> >
> >    --8<---------------cut here---------------start------------->8---
> >    trace1
> >    trace2
> >    trace2
> >    trace2
> >    trace2
> >    trace2
> >    --8<---------------cut here---------------end--------------->8---
> >
> >    only when using -O1 or -O2 the output results in
> >
> >    --8<---------------cut here---------------start------------->8---
> >    trace1
> >    trace2
> >    trace1
> >    trace2
> >    trace1
> >    trace2
> >    trace1
> >    trace2
> >    trace1
> >    trace2
> >    --8<---------------cut here---------------end--------------->8---
> >
> >    (I'm guessing this due to `trace1` being inlined for -O1/-O2 -- but I
> >    haven't checked)
> >
> >    cheers,
> >       hvr
> >
> >
> >
> >
> >_______________________________________________
> >Libraries mailing list
> >Libraries <at> haskell.org
> >http://www.haskell.org/mailman/listinfo/libraries
> >
>
> --
> Andreas Abel  <><      Du bist der geliebte Mensch.
>
> Theoretical Computer Science, University of Munich
> Oettingenstr. 67, D-80538 Munich, GERMANY
>
> andreas.abel <at> ifi.lmu.de
> http://www2.tcs.ifi.lmu.de/~abel/
>
> _______________________________________________
> Libraries mailing list
> Libraries <at> haskell.org
> http://www.haskell.org/mailman/listinfo/libraries



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Chris Seaton | 25 Jan 17:24 2013

Re: Is traceIO unnecessarily specialised to the IO monad?



On 24 January 2013 15:25, Gershom Bazerman <gershomb <at> gmail.com> wrote:
+1 I've used all three functions as well (and traceM probably the most).

As for the other two, the names are probably not the best, but I've used these versions:

traceMsgIt :: Show a => String -> a -> a
traceMsgIt msg x = trace (msg++show x++"\n") x

traceIt :: Show a => a -> a
traceIt x = traceMsgIt "\nTraceIt:\n" x

--Gershom


On 1/24/13 10:14 AM, Chris Seaton wrote:
What do you call these functions? I'll put them all into a patch and open a feature request for them all in one go.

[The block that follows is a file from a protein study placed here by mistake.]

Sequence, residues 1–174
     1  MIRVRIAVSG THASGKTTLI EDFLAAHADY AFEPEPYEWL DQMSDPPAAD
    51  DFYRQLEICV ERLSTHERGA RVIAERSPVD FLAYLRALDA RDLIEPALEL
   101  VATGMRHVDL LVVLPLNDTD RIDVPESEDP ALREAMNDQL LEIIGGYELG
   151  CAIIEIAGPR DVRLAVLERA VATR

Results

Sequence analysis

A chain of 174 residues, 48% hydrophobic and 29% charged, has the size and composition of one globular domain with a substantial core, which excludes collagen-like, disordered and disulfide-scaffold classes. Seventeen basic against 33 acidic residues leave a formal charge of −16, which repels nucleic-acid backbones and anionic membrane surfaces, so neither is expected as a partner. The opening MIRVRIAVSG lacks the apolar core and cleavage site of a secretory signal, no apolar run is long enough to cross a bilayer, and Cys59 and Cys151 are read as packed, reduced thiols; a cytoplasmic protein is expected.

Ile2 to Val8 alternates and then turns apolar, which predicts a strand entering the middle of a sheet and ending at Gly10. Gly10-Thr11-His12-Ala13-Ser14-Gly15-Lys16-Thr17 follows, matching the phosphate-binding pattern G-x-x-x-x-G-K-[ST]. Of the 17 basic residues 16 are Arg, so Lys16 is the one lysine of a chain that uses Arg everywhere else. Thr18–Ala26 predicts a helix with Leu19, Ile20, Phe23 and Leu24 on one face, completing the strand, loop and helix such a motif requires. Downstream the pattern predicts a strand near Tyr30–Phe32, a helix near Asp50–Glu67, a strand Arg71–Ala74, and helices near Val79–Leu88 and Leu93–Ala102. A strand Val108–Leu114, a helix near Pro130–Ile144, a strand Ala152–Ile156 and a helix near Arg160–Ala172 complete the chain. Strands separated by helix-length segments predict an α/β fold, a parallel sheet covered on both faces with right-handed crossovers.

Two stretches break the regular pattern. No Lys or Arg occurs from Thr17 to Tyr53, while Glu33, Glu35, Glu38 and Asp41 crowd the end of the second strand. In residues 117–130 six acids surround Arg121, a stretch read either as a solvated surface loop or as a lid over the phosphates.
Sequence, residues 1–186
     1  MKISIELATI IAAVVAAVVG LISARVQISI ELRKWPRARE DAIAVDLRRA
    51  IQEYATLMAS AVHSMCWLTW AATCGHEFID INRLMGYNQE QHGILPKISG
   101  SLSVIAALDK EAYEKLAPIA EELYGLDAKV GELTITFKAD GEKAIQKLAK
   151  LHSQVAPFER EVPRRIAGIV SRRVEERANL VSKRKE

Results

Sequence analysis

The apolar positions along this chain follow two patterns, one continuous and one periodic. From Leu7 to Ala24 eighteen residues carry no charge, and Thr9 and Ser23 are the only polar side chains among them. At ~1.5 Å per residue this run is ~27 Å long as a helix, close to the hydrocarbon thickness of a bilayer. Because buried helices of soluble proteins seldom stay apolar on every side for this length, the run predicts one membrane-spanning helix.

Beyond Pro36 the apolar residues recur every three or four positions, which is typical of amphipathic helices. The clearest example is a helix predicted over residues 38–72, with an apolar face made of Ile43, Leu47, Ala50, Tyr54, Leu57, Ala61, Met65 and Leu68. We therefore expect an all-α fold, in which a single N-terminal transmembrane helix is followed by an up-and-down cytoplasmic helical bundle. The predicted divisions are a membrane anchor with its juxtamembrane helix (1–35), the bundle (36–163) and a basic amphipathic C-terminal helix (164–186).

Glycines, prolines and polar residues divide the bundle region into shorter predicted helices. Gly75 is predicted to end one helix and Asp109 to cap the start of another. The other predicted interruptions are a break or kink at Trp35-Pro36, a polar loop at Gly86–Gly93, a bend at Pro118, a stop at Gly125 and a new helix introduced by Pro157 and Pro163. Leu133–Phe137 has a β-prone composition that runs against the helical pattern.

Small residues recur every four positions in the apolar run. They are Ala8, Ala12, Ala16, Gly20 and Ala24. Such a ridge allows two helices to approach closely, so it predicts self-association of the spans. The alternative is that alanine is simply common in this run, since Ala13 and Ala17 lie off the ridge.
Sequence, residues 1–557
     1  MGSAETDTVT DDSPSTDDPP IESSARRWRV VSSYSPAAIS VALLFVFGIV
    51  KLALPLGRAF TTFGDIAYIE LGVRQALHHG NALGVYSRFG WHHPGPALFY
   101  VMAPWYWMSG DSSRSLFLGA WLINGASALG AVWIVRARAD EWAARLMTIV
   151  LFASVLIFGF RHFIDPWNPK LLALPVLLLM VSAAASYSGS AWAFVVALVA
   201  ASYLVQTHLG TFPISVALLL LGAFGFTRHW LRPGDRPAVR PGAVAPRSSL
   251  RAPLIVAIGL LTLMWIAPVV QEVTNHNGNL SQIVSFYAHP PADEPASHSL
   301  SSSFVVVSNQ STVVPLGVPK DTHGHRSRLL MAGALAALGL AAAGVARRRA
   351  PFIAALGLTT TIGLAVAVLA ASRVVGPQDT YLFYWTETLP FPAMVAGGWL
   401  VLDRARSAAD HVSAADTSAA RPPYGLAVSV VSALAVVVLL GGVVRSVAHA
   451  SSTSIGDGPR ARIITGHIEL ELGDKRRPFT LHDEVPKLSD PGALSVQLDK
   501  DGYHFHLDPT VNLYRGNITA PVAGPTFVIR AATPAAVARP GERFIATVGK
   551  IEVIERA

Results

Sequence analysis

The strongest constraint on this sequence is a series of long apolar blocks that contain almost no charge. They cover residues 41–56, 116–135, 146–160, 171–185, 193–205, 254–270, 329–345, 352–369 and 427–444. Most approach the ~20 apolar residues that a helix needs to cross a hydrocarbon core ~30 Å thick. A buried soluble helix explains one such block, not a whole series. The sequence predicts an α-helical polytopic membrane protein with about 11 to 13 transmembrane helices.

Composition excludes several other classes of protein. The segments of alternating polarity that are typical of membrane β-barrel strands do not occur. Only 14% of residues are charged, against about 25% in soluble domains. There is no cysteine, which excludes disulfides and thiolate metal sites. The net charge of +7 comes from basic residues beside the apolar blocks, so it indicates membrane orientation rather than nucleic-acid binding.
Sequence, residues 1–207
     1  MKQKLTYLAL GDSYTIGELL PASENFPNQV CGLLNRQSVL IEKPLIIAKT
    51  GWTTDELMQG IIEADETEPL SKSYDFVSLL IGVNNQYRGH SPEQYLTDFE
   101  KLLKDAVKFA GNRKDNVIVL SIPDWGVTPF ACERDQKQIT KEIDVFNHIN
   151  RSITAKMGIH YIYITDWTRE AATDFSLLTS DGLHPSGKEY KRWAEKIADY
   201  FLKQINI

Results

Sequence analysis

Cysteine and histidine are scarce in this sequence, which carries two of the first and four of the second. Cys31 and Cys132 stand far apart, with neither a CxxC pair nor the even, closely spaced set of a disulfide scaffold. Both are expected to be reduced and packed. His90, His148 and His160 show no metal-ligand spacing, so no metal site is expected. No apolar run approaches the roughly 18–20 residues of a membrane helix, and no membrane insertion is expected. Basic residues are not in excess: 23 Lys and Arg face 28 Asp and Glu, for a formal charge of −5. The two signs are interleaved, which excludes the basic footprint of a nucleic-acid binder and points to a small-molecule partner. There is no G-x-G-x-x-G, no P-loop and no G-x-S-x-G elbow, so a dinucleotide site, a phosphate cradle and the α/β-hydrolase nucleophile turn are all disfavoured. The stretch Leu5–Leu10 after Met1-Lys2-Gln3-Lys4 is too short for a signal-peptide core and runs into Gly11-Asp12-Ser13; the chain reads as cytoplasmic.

Chris


On 21 January 2013 22:40, Roman Cheplyaka <roma <at> ro-che.info> wrote:
While we're at it, the trace functions I miss are

  \x -> trace x x

and

  \x -> trace (show x) x

Roman

* Andreas Abel <andreas.abel <at> ifi.lmu.de> [2013-01-21 23:31:24+0100]
> +1.  I also had to define traceM for the same purposes. --Andreas
>
> On 21.01.13 6:41 PM, Chris Seaton wrote:
> >Yes, I suppose that traceIO does not have the semantics I assumed.
> >Still, I think it is useful to have a trace that one can easily insert
> >into an arbitrary monad. Here's how I use it:
> >
> >--------
> >
> >import Debug.Trace
> >
> >main :: IO ()
> >main = putStrLn $ show foo
> >
> >foo :: Maybe Int
> >foo = do
> >     x <- bar 14
> >     traceM $ show x
> >     y <- bar 2
> >     traceM $ show y
> >     return $ x + y
> >
> >bar :: Int -> Maybe Int
> >bar x = Just $ 2*x
> >
> >traceM :: (Monad m) => String -> m ()
> >traceM message = trace message $ return ()
> >
> >----------
> >
> >I think it is cleaner and more obvious than without the abstraction.
> >Plus it is very easy to comment out. It is really good for list
> >comprehensions written in do notation, as I often want to peek at
> >intermediate values of those. I know I always add it to my projects, so
> >I thought it may be wanted in base.
> >
> >As Henning Thielemann said, you can use printf or whatever with it, but
> >I think that is an orthogonal issue.
> >
> >Regards,
> >
> >Chris
> >
> >
> >
> >On 21 January 2013 17:09, Herbert Valerio Riedel <hvr <at> gnu.org
> ><mailto:hvr <at> gnu.org>> wrote:
> >
> >    Chris Seaton <chris <at> chrisseaton.com <mailto:chris <at> chrisseaton.com>>
> >    writes:
> >
> >     > I use printf-style debugging a lot, so I am always adding and
> >    removing
> >     > applications of trace. There is the Debug.Trace.traceIO function
> >    that makes
> >     > this easy to do in the IO monad (it just applies hPutStrLn
> >    stderr), but is
> >     > that specialisation to IO unnecessary?
> >     >
> >     > I find myself always using this utility function:
> >     >
> >     > traceM :: (Monad m) => String -> m ()
> >     > traceM message = trace message $ return ()
> >     >
> >     > Which can be used to implement traceIO.
> >     >
> >     > traceIO :: String -> IO ()
> >     > traceIO = traceM
> >
> >    btw, that wouldn't have the same semantics as the existing
> >    `Debug.Trace.traceIO` which is more or less something similiar to a
> >    `hPutStrLn stderr` whose side-effect gets triggered at monad-execution
> >    time, whereas the side-effect of `traceM` occurs at monad-construction
> >    time; consider the following program:
> >
> >    --8<---------------cut here---------------start------------->8---
> >    import Control.Monad
> >    import Debug.Trace
> >
> >    traceM :: (Monad m) => String -> m ()
> >    traceM message = trace message $ return ()
> >
> >    traceIO' :: String -> IO ()
> >    traceIO' = traceM
> >
> >    main = replicateM_ 5 $ do
> >              trace1